Root exudates stimulate the uptake and metabolism of organic carbon in germinating spores of Glomus intraradices

Heike Bücking, Jehad Abubaker, Manjula Govindarajulu, Marie Tala, Philip E. Pfeffer, Gerald Nagahashi, Peter Lammers, Yair Shachar-Hill

Research output: Contribution to journalArticlepeer-review

40 Scopus citations


• Root exudates play a key role during the presymbiotic growth phase and have been shown to stimulate hyphal branching and the catabolic metabolism of arbuscular mycorrhizal (AM) fungal spores. • Here, the effect of root exudates on presymbiotic growth, uptake of exogenous carbon and transcript levels for genes putatively involved in the carbon metabolism of germinating spores were determined. • Crude root exudates led to a slight acceleration of spore germination, increased germ tube branching and stimulated uptake and catabolic metabolism of acetate, and to a greater extent of glucose, but had no effect on gene expression. By contrast, partially purified root exudates increased the transcript levels of acyl-CoA dehydrogenase (ß-oxidation of fatty acids to acetyl-CoA), malate synthase (glyoxylate cycle) and glutamine-fructose-6-phosphate aminotransferase (chitin biosynthesis), but did not differ from crude root exudates in their effect on substrate uptake and respiration. The expression of glycogen synthase (glycogen biosynthesis), glucose-6-phosphate dehydrogenase (pentose phosphate pathway) and neutral trehalase (hydrolysis of trehalose) were only marginally or not affected by root exudates. • Root exudates have an effect on both membrane activity and gene expression and the results are discussed in relation to the catabolic and anabolic metabolism of spores during presymbiotic growth.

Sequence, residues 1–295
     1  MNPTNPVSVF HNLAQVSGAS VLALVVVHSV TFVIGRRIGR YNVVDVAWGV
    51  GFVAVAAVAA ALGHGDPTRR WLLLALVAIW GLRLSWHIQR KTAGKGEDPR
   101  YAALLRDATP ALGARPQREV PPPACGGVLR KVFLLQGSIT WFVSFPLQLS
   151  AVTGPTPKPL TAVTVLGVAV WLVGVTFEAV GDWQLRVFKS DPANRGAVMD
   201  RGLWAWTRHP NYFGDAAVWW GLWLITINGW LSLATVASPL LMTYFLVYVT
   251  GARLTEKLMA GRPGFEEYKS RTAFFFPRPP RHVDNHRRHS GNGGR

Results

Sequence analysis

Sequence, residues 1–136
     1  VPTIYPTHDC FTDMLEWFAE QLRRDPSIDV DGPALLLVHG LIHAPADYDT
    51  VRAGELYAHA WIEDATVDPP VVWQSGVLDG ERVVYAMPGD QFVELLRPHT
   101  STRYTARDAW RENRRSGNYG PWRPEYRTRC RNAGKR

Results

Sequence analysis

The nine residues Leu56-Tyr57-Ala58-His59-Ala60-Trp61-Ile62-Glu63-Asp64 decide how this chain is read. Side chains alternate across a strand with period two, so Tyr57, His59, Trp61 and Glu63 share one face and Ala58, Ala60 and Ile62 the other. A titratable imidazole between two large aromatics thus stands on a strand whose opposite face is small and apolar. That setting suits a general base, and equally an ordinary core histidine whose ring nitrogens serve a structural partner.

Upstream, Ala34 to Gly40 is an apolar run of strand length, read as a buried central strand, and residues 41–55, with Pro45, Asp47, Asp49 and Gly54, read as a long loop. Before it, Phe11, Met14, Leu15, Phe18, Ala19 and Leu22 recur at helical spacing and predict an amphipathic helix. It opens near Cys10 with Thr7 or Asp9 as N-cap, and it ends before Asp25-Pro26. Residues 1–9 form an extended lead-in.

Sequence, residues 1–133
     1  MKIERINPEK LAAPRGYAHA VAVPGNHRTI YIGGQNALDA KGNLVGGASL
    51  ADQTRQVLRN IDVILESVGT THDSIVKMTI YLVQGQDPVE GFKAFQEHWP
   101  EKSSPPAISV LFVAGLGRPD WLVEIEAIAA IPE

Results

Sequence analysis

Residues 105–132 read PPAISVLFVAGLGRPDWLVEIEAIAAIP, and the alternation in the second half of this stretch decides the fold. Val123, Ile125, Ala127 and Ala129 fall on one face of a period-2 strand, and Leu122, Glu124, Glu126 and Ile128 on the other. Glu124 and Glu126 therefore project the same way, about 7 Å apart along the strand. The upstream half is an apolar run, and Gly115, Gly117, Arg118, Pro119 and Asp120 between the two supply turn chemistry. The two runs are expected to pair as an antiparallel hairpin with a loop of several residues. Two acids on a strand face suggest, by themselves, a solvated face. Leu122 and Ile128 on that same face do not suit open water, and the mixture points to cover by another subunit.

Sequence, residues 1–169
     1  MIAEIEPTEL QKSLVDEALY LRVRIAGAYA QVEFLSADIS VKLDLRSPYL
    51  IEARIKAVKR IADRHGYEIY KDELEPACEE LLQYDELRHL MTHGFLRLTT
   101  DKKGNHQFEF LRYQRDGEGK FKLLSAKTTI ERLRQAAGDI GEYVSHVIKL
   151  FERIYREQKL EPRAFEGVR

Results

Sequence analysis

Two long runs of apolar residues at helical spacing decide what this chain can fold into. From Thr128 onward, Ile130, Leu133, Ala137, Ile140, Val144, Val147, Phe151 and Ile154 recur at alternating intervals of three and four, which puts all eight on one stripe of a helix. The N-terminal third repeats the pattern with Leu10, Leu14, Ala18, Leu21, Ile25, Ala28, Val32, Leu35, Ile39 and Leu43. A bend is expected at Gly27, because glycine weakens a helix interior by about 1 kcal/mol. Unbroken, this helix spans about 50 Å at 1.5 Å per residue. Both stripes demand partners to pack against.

Original languageEnglish (US)
Pages (from-to)684-695
Number of pages12
JournalNew Phytologist
Issue number3
StatePublished - Nov 2008
Externally publishedYes


  • Acyl-CoA dehydrogenase
  • Arbuscular mycorrhiza (AM)
  • Carbon metabolism
  • Glutamine-fructose-6-phosphate aminotransferase
  • Malate synthase
  • Presymbiotic growth
  • Respiration
  • Root exudates

ASJC Scopus subject areas

  • Physiology
  • Plant Science


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